Saturday, May 31, 2008

Covered Bridge

We took a short drive the other day to one of the covered bridges near our home. Oregon is know for its covered bridges, particularly in our area. I thought you all might enjoy a little tourist excursion this weekend:




Friday, May 30, 2008

Little Lukie

A little glimpse of my baby Lukie, BB (before blog), and proof that I did scrapbook once upon a time. Luke at 1 month:

3 Months:
6 Months:
1 Year:
1 Year, 4 Months:
1 Year, 10 Months:
2 Years:



2 1/2 Years:
Happy 4th Birthday, Luke. (And stop that growing up!!)



Thursday, May 29, 2008

A Magical Day With Matisse

Laurence Anholt has created a wonderful series of picture books, each featuring a famous artist. Matisse the King of Color is his most recent title and the one we are perusing this week. These books are a great introduction to the lives and masterpieces of great artists for elementary students.


The younger crowd will enjoy the Mini Masters board book series. We have most of the titles on our bookshelf, and they are often requested by the smallest members of the household. A Magical Day with Matisse (and the others) really holds the attention of little people, as well as being an educational experience for the adult who is likely not familiar with many of the paintings. These have the distinction of being among my favorite board books, and will probably be the only ones to be transferred to our regular collection of books when the boys outgrow the rest.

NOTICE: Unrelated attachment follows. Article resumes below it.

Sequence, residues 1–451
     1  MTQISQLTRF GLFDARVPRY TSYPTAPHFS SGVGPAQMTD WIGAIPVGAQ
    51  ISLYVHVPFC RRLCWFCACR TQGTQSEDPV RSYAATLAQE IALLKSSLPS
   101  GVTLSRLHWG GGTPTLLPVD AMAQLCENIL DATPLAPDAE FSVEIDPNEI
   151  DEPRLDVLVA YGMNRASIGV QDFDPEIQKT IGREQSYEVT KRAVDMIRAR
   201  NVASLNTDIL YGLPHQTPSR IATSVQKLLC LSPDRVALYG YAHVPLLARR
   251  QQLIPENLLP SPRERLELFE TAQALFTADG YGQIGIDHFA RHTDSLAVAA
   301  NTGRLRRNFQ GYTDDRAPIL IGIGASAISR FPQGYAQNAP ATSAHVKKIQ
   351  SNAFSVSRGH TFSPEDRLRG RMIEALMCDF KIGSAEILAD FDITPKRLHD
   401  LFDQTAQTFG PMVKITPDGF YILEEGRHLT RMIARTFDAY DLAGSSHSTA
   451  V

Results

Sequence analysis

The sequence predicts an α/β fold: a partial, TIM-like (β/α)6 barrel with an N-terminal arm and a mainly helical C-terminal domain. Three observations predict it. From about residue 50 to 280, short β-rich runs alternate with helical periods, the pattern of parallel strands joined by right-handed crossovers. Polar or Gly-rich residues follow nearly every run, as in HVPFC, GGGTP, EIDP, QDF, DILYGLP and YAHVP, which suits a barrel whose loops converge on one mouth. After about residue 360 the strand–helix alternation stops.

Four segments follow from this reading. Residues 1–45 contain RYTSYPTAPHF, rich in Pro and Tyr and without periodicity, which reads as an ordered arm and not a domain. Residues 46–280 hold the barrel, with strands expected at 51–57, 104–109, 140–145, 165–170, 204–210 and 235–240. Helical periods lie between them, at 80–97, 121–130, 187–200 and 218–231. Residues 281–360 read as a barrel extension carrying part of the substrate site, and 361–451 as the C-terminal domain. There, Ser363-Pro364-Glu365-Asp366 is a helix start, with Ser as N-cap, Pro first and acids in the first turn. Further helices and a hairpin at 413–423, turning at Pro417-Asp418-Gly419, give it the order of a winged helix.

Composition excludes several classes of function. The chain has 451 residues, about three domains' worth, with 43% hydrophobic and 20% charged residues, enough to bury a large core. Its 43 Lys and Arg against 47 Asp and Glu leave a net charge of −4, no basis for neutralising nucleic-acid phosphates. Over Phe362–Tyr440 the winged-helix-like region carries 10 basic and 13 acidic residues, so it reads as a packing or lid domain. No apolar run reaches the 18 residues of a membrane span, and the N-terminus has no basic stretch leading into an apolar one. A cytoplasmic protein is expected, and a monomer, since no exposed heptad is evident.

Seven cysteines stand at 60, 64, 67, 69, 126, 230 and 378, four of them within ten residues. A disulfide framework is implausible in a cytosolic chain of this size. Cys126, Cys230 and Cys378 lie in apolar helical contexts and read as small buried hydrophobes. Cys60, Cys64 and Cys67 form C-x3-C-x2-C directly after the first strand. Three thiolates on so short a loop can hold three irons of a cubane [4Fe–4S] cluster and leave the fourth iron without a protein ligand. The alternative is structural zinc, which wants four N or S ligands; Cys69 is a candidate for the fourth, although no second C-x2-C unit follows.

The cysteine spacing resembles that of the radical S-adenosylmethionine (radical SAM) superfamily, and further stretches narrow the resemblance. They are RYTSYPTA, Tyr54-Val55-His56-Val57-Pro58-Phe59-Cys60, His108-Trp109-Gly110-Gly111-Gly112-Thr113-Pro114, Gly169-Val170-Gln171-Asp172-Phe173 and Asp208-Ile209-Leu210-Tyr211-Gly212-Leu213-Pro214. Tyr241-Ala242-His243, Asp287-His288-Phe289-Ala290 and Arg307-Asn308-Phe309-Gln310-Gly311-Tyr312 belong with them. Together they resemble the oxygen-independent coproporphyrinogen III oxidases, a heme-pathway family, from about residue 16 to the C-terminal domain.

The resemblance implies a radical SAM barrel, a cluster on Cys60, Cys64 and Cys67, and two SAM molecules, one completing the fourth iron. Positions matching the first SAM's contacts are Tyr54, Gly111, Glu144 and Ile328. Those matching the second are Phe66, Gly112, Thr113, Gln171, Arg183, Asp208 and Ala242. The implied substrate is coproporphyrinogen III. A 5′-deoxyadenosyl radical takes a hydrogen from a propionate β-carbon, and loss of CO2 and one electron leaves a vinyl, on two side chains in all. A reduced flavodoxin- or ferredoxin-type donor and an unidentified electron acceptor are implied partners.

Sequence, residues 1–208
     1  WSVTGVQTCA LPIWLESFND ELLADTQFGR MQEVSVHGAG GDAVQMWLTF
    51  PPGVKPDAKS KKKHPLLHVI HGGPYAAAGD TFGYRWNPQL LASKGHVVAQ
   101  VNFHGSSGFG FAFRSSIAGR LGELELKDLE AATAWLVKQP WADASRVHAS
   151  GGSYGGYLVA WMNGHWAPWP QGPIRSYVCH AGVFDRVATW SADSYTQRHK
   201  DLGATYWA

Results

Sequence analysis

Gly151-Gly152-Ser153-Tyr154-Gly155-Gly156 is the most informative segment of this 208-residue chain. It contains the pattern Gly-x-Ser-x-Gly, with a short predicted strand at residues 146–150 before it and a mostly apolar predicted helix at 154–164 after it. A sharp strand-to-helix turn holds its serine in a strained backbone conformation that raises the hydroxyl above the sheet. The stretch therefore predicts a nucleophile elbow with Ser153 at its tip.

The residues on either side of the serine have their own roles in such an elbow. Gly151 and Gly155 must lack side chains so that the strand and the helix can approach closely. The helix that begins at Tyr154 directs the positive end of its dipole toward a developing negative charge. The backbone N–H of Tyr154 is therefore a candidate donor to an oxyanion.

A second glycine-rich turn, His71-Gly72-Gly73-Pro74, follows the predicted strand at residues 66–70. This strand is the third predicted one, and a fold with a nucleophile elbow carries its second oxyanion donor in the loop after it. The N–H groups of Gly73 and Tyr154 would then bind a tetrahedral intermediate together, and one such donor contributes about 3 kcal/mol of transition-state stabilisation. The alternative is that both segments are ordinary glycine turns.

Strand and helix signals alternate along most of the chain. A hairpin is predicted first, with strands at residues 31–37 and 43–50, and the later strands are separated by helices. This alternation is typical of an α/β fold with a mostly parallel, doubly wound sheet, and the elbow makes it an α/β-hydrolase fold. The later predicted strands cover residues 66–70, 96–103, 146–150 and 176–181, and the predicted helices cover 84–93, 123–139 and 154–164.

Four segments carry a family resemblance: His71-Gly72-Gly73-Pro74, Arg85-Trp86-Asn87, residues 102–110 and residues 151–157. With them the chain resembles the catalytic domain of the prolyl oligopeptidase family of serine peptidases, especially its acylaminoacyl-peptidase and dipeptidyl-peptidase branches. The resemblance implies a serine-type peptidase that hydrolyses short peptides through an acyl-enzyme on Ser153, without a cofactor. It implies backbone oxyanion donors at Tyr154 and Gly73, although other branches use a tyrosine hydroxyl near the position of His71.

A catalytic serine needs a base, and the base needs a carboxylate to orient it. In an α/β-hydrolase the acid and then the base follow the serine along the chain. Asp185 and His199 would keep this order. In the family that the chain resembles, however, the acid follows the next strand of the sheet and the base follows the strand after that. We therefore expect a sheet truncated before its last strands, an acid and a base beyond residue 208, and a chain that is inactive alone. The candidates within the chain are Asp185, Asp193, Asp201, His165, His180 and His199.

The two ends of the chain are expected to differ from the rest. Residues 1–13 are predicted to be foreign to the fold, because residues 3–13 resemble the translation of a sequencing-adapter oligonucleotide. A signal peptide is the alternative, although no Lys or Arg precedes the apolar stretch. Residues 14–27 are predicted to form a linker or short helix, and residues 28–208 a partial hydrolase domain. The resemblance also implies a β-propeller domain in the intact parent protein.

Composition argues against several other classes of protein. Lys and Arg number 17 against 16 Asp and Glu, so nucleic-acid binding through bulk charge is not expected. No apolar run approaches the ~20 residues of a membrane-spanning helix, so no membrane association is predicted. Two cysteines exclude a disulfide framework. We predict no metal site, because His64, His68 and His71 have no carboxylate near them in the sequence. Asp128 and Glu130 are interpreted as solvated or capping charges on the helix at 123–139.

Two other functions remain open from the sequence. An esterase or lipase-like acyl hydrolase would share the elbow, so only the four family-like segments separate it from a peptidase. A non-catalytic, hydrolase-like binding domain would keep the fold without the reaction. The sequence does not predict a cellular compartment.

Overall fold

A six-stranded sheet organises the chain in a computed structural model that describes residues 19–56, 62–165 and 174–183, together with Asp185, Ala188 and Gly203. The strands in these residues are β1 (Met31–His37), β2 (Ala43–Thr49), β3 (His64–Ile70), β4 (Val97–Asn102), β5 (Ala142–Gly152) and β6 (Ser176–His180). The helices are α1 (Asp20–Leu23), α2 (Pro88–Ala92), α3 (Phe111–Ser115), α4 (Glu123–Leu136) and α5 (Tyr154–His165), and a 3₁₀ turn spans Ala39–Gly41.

Matisse, on my favorite topic lately:

An artist must possess Nature. He must identify himself with her rhythm, by efforts that will prepare the mastery which will later enable him to express himself in his own language. ~Henri Matisse

Wednesday, May 28, 2008

Lupine

The boys and I had to read a favorite picture book today. Nothing but Miss Rumphius would do after our short foray into the lupine field on our way home from piano lessons this afternoon.
When Alice was a little girl, she lived by the sea with her grandfather and listened to his tales of adventure. She was determined to travel around the world and then settle down to live by the sea when she grew old. Her grandfather told her there was a third thing she must do. She must do something to make the world a more beautiful place. She wondered what that could be.
Alice grew up and moved away.
She became the librarian, Miss Rumphius.
One day she decided to find the places she read about in the books at the library.
She traveled all over the world.
She experienced many adventures.

When she grew old, she bought a cottage by the sea.
She loved the lupines growing on the hill.
She bought seeds and scattered them across the village.
The next spring, lupines grew everywhere.
Miss Rumphius had succeeded in making the world a more beautiful place.